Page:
Inspiring Older Readers
Keeping On Keeping On: Alan Bennett Diaries 2005-15
There will surely come a time when it won’t be possible to say anything about Alan Bennett – whether for good or ill – that he hasn’t already said of himself in his thirty-years’ worth of diaries, the third volume of which, Keeping On Keeping On, has just been published in paperback.
Because I don’t go to the theatre and rarely if ever read plays, it seems contrary to say but beyond a handful of the more obvious contenders I have never really kept up with the thing for which Bennett is after all most famous – his plays. But what I have kept up with are his published diaries.
These have now become an artfully spontaneous institution. Written in longhand on masses of paper by Bennett himself, the diaries are scrupulously (and with absolute discretion) typed up by Sue, who has assisted him for decades; they are then edited and published annually in one-year installments in The London Review of Books; and then, with Dinah, his long-time editor at Faber, they are re-edited in ten-year collections for hardback and paperback publication. It is probably true, however, that the two earlier volumes are more crammed with incident, as from memory, both contain far more about caring for his parents and the period leading up to his mother’s death.
With the latest volume one might think that some kind of law of diminishing returns might have set in, but that doesn’t seem to be the case, and the acute chatty rambling mixture of the domestic, the literary, of social observation and (increasingly) political exasperation is as fascinating as ever.
But of course we don’t read Bennett’s diaries solely for what they say; we also read them for their authorial voice – Bennett’s own supremely articulate, cadenced, Northern, self-deprecating Eeyore-ish tones, as familiar to many of us (or at least we like to think) as the voice of our own parents, our closest friends, perhaps even our own spouse or partner. Given his notorious reticence and fabled reserve, it seems unlikely that Bennett would welcome such a view; and yet nor can he be unaware that this is what people do think – they turn up in droves, after all, to hear the man speak, read and reminisce.
But this is not to say that his diaries are predictable: they are familiar, but that is not the same thing. As the years have progressed Bennett has become less guarded, perhaps even modestly cavalier in his self-revelation, and consequently what may crop up in the diaries has become increasingly unpredictable. He has also become somewhat spikier, slightly more acerbic – a rather late revolt against cosiness, it seems. And it is this unpredictability, coupled with the breadth and magpie-like intelligence and curiosity that informs everything he considers that makes the diaries such a joy.
Bennett is on record as saying he can’t believe there will be a fourth volume. What he means, of course – he turned eighty-three this year – is that there won’t be time for a fourth volume. Perhaps understandably, then, this present collection has a more deeply valedictory tone than its predecessors – a grudging acceptance of ageing and infirmity, a slowing down certainly, but also a clearing up, a tidying away, an almost certainly final house move, and the chastening pleasures of ploughing through a lifetime’s papers as he prepares his archives for donation to the Bodleian. It is, as a consequence, more deeply affecting and more emotional, I think, and I found my eyes prickling with tears on several occasions as I read.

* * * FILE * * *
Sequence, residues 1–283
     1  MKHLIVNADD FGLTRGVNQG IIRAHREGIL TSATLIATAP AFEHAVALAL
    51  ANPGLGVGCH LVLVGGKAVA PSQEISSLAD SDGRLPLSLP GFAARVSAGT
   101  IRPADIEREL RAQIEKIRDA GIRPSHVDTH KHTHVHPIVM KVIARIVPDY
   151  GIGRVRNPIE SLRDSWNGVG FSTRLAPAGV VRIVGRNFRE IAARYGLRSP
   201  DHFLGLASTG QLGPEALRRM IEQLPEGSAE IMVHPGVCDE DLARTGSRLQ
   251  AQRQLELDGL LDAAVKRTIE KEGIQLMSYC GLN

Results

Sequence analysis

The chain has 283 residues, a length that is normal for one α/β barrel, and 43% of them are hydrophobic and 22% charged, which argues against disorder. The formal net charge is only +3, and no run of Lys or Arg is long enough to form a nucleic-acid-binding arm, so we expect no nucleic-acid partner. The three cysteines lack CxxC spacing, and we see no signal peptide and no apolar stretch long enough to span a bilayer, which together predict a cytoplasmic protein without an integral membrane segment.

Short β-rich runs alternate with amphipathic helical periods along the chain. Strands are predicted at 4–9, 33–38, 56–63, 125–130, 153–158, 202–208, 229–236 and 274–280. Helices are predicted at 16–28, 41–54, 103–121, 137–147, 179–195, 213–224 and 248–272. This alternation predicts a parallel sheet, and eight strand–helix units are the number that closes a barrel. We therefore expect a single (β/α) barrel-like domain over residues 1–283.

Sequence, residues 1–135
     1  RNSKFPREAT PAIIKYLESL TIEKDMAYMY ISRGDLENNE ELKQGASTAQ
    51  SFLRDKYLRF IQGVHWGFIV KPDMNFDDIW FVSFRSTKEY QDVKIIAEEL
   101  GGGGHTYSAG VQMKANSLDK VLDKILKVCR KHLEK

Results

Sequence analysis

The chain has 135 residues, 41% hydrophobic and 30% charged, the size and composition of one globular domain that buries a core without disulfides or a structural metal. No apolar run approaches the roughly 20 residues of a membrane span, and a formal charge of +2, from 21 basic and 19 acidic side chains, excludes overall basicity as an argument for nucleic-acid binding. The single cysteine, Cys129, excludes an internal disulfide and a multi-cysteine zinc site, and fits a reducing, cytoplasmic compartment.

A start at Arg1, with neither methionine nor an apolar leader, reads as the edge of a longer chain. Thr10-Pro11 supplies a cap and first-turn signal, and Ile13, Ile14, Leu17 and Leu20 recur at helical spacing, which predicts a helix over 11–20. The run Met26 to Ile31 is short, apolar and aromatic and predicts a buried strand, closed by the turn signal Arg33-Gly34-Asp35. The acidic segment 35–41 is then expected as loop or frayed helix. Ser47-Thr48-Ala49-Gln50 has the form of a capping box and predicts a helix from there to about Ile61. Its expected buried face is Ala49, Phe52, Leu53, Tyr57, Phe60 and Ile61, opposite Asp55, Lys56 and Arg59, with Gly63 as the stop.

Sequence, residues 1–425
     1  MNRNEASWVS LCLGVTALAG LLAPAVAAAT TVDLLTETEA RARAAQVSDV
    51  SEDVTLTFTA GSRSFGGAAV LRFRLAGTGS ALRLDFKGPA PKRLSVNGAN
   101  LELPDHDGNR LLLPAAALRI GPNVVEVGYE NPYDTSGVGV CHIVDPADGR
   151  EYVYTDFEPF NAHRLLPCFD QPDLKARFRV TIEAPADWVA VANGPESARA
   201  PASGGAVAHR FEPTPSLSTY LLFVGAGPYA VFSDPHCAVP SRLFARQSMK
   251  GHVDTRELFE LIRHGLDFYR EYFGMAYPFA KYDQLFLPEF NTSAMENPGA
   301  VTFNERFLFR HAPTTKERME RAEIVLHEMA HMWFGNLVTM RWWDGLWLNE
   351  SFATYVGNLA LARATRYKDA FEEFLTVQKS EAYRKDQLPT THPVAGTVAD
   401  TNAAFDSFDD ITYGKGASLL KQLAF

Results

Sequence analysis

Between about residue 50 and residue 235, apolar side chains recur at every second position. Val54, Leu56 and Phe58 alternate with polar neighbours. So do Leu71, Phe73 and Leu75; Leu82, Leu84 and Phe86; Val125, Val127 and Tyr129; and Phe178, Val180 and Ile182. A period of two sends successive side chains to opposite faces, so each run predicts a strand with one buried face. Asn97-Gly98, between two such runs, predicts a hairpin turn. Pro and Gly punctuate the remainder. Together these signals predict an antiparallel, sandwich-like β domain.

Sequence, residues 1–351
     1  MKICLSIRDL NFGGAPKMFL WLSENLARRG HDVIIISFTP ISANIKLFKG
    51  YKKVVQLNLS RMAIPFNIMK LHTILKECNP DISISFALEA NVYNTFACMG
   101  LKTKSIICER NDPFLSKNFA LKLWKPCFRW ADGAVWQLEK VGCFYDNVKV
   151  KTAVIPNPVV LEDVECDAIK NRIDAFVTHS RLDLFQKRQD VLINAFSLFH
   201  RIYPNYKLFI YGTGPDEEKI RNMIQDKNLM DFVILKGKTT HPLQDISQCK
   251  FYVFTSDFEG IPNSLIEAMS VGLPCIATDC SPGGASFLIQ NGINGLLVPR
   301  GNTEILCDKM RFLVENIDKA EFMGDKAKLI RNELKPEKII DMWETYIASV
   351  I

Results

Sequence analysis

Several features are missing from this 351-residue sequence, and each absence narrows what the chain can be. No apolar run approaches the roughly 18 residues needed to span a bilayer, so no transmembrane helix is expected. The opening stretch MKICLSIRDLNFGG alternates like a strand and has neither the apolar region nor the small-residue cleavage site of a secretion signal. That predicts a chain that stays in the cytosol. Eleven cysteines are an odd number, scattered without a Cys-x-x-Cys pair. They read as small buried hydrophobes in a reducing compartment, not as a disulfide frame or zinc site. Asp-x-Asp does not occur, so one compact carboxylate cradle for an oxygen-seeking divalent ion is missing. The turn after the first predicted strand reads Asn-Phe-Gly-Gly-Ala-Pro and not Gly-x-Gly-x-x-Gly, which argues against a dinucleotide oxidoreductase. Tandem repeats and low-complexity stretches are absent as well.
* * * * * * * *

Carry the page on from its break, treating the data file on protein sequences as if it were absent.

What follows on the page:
But I think it would also be a falsehood if we said we read Bennett’s diaries only for their beautifully turned stories and sharply etched memories. We also read them for their dense domestic detail, because over the decades we feel we have grown to know the Bennett household and its cast of recurring characters. This sense of intimacy is not a coincidental factor. It’s one of the qualities we turn to diaries for – and whether he intends it or not, Alan Bennett is a writer of great (but never shocking or gratuitous and certainly never spurious) intimacy. (He is also nowhere near as conventional as he seems to believe himself to be, and this has its own vicarious fascination.)
Bennett’s friends and neighbours weave in and out of the narrative, almost like the personae in Anthony Powell’s novel sequence Dance to the Music of Time – which Bennett’s diaries increasingly resemble, I think – and we sense an almost discernible pattern that seems to hover just beyond recognition. And we promise ourselves that one day, when time permits, we’ll settle down with all of the diaries and read them again from beginning to end and not only will their pattern become clear, we’ll also finally understand why and how that distinctive voice rising from the page has become one of the most deeply loved and comforting presences in contemporary literature.
If you already love Alan Bennett then of course nothing I can say here will make a scrap of difference – you will already have devoured the diaries. But if on the other hand you think you’re not the kind of person who reads writers’ diaries, then try and make an exception in this case and give these a try. For like all great diarists he has the ability to reveal a life as it is lived – in all its repetition, its mundanity, its melancholy, its exaltation and consolation – and his diaries, I am convinced, will earn a deserved place beside those of Virginia Woolf, Pepys, and Harold Nicolson.